May 01, 2023 News
… Says GPL continuously fail to achieve targets that are way below industry norm
Kaieteur News – The Public Utilities Commission (PUC) has reported that the Guyana Power & Light Inc. (GPL) has continuously failed to achieve majority of its Operating Standards and Performance Targets (OSPTs) – despite those targets being way below industry norms and ‘nearly met’ the other targets.
According to the document seen by this publication, PUC Order 1 of 2023 which is a review of GPL’s performance in 2022, painted the agency in a grim light for only achieving four of the eight standards and targets.
While the PUC is empowered to levy a monetary penalty on the company for the failure to achieve its OSPTs in an amount that does not exceed 25% of the total value of the dividends, payable to the company’s shareholders, the Commission stated that despite GPL’s non-achievement for 2022, the penalty is not warranted at this time although the non-attainment negatively impacts the company’s operations.
Following a revision by the Commission, it was revealed that GPL failed to meet its standard and targets for: Customer Interruptions, Voltage Regulation, Meter Reading and Average Availability. On the other hand, the agency met the standards and targets for: Issuing of Bills, Accounts Payable, Accounts Receivable, and System Losses.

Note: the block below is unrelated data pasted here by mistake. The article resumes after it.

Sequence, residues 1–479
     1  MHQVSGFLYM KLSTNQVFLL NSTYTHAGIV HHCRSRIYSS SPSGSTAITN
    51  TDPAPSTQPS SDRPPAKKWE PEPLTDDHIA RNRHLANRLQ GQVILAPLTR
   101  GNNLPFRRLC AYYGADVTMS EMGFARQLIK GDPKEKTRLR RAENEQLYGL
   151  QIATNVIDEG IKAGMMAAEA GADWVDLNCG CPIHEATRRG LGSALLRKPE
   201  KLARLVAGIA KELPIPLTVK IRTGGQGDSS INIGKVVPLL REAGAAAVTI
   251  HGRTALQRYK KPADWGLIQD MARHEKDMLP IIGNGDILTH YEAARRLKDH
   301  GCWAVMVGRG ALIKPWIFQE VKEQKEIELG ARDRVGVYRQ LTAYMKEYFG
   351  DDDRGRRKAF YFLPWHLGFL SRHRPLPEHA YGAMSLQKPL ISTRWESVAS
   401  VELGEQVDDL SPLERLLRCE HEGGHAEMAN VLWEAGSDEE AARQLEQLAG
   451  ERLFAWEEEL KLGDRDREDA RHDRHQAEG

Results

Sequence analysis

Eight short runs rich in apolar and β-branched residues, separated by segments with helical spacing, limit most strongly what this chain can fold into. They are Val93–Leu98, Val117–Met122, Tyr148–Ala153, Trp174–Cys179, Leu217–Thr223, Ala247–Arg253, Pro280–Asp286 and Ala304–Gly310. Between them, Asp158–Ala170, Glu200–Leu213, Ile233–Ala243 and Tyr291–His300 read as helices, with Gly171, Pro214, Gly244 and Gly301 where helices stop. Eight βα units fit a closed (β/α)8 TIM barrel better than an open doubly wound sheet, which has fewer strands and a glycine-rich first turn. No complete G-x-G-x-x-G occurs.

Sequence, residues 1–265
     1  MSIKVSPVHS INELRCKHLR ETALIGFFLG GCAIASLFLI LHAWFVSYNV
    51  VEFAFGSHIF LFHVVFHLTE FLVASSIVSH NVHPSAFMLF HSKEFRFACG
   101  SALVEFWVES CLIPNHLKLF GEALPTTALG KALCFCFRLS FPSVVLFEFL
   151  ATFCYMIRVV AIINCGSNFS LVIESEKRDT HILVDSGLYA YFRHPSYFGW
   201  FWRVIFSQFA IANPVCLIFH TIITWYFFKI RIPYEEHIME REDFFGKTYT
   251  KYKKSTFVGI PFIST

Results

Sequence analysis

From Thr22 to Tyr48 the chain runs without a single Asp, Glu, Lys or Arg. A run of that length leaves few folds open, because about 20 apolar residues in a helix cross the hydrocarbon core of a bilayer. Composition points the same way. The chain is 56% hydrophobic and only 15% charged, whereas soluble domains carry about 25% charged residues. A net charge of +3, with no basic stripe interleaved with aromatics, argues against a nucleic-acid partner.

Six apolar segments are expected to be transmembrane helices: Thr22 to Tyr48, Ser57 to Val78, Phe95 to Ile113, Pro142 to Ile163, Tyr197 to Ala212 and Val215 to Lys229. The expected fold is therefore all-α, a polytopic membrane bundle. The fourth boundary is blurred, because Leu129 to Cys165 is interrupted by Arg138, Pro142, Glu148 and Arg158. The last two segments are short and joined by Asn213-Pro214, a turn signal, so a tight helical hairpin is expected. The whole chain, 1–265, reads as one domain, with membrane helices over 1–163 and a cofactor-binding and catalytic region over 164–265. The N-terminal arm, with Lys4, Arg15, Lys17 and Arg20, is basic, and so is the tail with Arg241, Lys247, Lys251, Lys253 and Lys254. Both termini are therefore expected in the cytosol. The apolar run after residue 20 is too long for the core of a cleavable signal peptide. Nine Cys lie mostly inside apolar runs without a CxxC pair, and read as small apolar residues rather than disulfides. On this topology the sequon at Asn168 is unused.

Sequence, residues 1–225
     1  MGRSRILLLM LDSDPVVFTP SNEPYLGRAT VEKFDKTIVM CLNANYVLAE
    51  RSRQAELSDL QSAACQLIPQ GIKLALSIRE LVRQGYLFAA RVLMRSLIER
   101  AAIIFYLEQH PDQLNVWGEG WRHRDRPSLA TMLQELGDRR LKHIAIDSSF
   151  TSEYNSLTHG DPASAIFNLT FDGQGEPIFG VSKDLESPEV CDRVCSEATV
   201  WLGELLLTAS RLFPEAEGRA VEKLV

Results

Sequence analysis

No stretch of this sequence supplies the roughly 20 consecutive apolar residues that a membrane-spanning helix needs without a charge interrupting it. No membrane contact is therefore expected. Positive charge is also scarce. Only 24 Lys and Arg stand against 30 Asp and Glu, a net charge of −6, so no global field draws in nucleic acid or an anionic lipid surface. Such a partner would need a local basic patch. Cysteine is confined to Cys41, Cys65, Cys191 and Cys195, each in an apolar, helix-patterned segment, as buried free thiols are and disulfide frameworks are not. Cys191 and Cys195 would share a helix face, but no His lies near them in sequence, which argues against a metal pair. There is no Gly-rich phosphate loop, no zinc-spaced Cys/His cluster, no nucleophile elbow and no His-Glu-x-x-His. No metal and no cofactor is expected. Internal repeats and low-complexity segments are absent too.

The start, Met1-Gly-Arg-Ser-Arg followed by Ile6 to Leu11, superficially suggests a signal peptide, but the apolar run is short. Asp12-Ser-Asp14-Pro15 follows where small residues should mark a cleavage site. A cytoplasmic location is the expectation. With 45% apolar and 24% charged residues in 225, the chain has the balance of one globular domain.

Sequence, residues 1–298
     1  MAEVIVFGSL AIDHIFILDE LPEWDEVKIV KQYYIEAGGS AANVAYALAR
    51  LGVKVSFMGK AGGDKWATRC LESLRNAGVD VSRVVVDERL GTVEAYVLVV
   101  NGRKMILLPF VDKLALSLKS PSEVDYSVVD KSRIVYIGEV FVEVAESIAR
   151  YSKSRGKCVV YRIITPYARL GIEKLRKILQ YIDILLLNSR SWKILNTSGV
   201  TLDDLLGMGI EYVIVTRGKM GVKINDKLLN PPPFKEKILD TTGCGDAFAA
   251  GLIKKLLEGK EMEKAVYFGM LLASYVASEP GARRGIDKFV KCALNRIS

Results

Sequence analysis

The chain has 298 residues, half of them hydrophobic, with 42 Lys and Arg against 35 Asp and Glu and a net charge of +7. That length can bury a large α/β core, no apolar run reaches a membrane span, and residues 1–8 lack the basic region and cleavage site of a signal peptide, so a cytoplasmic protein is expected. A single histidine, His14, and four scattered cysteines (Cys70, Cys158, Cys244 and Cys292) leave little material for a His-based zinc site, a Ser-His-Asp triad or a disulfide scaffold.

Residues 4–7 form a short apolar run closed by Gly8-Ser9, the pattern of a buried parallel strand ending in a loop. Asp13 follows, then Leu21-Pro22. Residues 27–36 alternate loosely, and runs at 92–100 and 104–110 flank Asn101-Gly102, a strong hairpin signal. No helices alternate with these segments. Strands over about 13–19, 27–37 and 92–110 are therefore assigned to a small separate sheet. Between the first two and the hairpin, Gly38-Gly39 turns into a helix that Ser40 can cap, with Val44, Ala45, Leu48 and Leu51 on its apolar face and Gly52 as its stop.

The review by the PUC was conducted every year in accordance to GPL’s Licence which mandates the agency to report on its OSPTs before March 30th of each year.
For System Average Interruption Frequency Index (SAIFI) the Commission stated that this standard is to limit the average number of outages which consumers received during the reporting year. For the year 2022, the target was set at 90 outages. GPL failed this standard as it was revealed that for last year there were a total of 94 outages.
It was explained that from data collected by the company, it was revealed that the main reason for the high number of customer outages were as a result of feeder and transmission line trips and increased planned maintenance.
As it relates to the System Average Interruption Duration Index (SAIDI), the intent of this standard is to limit the duration of outages experienced by consumers during the year. For the year 2022, the target set was 95 hours; however, the average duration of outages experienced by consumers during the year was 96 hours. As such, this standard was not met by GPL.
GPL indicated to the Commission that the reasons for the non-attainment of this standard were the same for the previous standard such as transmission lines and feeders’ trips which can be attributed to fallen branches that make contact with power lines resulting in electrical short circuits. GPL also explained that the frequency of motor vehicles hitting poles is a cause for concern and as such, the company is exploring the possibility of the use of concrete poles in the future to mitigate this frequent occurrence.
This standard requires that GPL “shall seek to maintain in stable conditions, voltages of 5% of the nominal voltage and 10% following a system disturbance.”
The Commission explained that GPL has maintained that it is difficult to monitor and report on the voltage supplied to each customer. In 2022 the company had set a target of 98% of complaints to be resolved within 25-days. However, GPL reported that it resolved 96% of voltage complaints within the 25-day period for last year. As such, the target set by the company was not achieved.